All good things come to an end – Swindon Festival of Literature Finale

2 Jun

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All good things must come to an end, and this good thing ended with a bunch of crescendos, and some climaxes courtesy of poet Jo Bell.

Swindon Festival of Literature is about authors, and books, and thoughts, but the Festival Finale traditionally throws music and poetry into the mix, allowing the festival faithful a chance to kick back, rest weary brain cells, and wallow in entertainment.

And so it was that we were treated to a couple of sets from the Glowglobes, a quirky husband and wife duo musically reminiscent of The Cardigans on a jazz-swing-folk vibe.

It’s probably not the law that band names have to be inspired by great literature to win a place on the festival finale bill, but the name Glowglobes is hoiked straight from Frank Herbert’s sci-fi classic Dune, so there you go.

They also have a song in their repertoire called 22, which is the age of the festival. It was a shoo-in, really.

From other worlds to the other side of this world, the audience was treated to opera from tenor Shao Wei, and to classical music – both of the modern spikey variety, and the more sedate with a piece by Christoph Gluck – from his son Daniel Shao, a flautist who has performed at the Royal Albert Hall and Buckingham Palace, and can now cross the theatre at Swindon Dance from his bucket list.

From China to goodness knows where, there was more classical music from Richard Durrant, whose Cycling Music tour takes him from venue to venue (and we’re not talking local; we’re talking 1,500 miles) by bike. Richard treated us to some Bach, performed on acoustic guitar.

From bikes to barges, poetic entertainment came in the form of Jo Bell, the UK’s canal poet laureate, who recited a sexy poem about what men do in the moment of orgasm, and a scary one about crossing the Bristol channel in a canal barge: as perilous as Titanic, but without the iceberg or, thankfully, fatalities.

There was also poetry fun from Matt Harvey, who led a writing workshop earlier in the day and was only just recovering from judging the Think Slam the night before, so it’s fair to say he earned his keep.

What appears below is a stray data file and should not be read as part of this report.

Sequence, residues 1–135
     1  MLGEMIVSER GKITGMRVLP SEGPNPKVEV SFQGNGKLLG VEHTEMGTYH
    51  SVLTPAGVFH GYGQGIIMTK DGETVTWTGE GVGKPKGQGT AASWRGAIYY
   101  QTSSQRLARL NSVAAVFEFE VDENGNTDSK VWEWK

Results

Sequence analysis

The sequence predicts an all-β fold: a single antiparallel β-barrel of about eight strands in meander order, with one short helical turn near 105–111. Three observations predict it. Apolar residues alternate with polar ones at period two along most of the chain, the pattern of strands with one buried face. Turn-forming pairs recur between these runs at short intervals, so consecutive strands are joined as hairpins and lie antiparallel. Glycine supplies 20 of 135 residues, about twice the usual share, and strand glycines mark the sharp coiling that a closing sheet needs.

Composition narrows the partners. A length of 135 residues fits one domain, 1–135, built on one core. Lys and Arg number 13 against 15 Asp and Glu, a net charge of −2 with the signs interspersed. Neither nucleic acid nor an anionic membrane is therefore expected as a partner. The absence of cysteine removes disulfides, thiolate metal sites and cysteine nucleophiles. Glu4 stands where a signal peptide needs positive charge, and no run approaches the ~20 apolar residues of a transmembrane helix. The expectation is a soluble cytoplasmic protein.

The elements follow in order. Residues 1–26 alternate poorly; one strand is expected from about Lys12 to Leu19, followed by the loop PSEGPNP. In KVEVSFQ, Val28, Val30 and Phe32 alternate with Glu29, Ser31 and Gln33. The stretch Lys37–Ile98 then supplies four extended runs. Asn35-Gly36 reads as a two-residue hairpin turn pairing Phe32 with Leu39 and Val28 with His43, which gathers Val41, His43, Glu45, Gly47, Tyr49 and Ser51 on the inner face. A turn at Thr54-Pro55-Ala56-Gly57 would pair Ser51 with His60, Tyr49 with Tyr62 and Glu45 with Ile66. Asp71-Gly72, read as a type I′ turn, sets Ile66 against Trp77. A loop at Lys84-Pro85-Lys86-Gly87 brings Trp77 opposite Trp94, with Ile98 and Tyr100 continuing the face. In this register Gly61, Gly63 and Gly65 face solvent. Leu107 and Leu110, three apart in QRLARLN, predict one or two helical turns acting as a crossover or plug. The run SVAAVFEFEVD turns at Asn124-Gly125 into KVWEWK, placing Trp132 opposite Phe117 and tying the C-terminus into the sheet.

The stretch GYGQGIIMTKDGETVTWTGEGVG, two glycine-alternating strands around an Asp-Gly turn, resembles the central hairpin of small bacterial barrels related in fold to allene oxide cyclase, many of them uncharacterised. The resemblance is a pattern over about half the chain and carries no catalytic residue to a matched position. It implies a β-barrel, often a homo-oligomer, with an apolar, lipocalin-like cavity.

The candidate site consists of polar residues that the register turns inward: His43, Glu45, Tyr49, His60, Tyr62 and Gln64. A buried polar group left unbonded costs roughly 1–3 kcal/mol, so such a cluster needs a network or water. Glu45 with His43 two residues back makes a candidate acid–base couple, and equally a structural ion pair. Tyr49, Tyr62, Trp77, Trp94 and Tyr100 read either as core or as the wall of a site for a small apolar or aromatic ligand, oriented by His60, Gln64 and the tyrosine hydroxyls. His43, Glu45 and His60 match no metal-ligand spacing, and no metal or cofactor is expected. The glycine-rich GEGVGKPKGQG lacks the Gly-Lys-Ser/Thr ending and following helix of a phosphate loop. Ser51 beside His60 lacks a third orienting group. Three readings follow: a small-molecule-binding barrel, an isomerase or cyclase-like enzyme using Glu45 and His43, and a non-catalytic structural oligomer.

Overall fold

Matt was appointed Official Wimbledon Championship Poet 2010, and handed in this gem:

Bounce bounce bounce bounce
Thwackety wackety zingety ping
Hittety backety pingety zang
Wack, thwok, thwack, pok,
Thwikety, thwekity, thwokity, thwakity
Cover the court with alarming alacrity
Smackety dink, smackety dink
Boshety bashity crotchety crashety
Up loops a lob with a teasing temerity
Leaps in the air in defiance of gravity
Puts it away with a savage severity
coupled with suavity

It’s little wonder advertising agencies – when asking him for a poem to promote products like the humble potato or a sperm bank (and my goodness, what genius decided that the perfect art form with which to promote a sperm bank was poetry?) – don’t know what to make of him when he makes his submission.

The festival ended as it began, at sunrise almost a fortnight earlier: with festival director Matt Holland blowing a mournful chord on a watering can.

In the audience, meanwhile, was Swindon’s community poet emeritus Tony Hillier, who offered these words:

Flute, double bass, harmonious duo
Narrow boat butting Bristol Channel
Tienanmen heroic opera tones
Did I mention the breathtaking piccolo?

Next we wipe our brows on the welcome Matt
quantitative easing the sum of his parts
Words meet music meet me
Meet me at Swindon Festival of Literature 2016

We couldn’t have summed it up better ourselves.

Words by Peter Davison, photos (c) Calyx Pictures

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